These are definitely uncertain times. As I write this, the world is dealing with a major pandemic which has left people feeling isolated, scared, angry, and anxious. Many are having trouble coping with this stress.
In this episode of the podcast, we provide you with 10 healthy coping mechanisms for navigating difficult periods. You can listen here…
…or read on for a quick summary of what we discuss.
10 Healthy Coping Mechanisms
Spend Some Time in Nature
Spending time in nature can be as easy as stepping into your backyard and listening to the birds. We have a duck pond close to our home where we go to walk our dogs and enjoy some time outdoors. Try to find safe outside spaces where you can observe nature without any distractions (including your phone). If your face is buried in your phone while you’re outside, you’ll miss out on a lot!
Exercise not only has physical benefits but mental ones as well. If you can’t get to a gym, there are PLENTY of things you can do from home (or during your outdoor time).
Since we both work from home, I’ll sometimes set a timer to help remind me to stand up and step away from my desk. Larissa and I will sometimes start our own impromptu 80s dance party just to get us up and moving.
I like to journal, and have done so for years. It feels good to pour my thoughts out onto a page. I prefer longhand writing for journals because I do think your brain works differently when you write versus when you type. It slows you down just enough to allow you to process your thoughts differently. This is currently my favorite journal, but a plain notebook will work just as well.
Stay In Touch with Family and Friends
My family and friends are truly my greatest treasures. They can be an immense source of comfort during difficult times. Don’t be embarrassed to tell those people close to you how you are feeling. They may be in a position to help you, or at least provide just the right amount of encouragement to help you through.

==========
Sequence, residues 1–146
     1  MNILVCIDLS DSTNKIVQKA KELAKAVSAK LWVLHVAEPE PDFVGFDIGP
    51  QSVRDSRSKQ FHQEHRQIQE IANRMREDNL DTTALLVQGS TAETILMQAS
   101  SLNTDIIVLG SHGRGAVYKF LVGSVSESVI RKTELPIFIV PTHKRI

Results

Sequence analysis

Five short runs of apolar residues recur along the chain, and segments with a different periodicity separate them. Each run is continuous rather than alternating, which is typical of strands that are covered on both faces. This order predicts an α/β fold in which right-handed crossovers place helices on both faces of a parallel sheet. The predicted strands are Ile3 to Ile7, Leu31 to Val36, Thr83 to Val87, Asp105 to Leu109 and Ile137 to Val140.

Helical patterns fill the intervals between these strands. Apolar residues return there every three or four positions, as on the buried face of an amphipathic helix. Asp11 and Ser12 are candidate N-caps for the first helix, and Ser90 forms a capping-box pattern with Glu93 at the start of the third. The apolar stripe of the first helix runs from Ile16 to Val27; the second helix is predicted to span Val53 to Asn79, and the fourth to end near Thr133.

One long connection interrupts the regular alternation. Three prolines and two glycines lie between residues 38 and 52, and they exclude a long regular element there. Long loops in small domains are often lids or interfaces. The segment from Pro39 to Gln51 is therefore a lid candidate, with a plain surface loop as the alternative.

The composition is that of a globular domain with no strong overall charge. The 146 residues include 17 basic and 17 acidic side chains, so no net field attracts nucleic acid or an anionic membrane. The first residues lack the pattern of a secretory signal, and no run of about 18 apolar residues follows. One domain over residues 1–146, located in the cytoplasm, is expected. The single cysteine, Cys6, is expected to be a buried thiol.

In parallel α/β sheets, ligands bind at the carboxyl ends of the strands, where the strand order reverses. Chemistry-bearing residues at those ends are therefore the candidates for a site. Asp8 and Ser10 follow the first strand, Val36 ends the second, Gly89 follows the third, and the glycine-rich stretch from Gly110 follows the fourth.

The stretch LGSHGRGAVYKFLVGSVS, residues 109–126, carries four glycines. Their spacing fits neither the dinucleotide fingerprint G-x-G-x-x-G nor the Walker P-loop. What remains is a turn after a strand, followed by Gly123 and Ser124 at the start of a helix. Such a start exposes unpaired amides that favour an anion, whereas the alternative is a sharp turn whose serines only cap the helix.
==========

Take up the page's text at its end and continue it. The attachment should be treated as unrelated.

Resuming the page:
Our sense of smell is a powerful tool to help relieve stress and achieve relaxation. Scented candles, soothing essential oils, and scented lotions can all help our minds and bodies relax. For more on the benefits of essential oils, check out episode 262 of our podcast, Essential Oils 101.
Watch Something Funny
Of ALL the items in this list of healthy coping mechanisms, this one (for me) works the fastest to turn a “meh” mood into a positive one!
When I was in a job I didn’t really care for, I started incorporating “laughter” into my daily routine. Larissa and I would watch an episode of Arrested Development or Seinfeld while we ate breakfast before I left for work. More often than not, those days went much better than ones we didn’t start with humor.
Studies have shown that laughter has many benefits, including:
- Stress reduction resulting from lower levels of the “stress hormone,” cortisol
- Improved memory
- Protection from heart disease
- Enhanced learning ability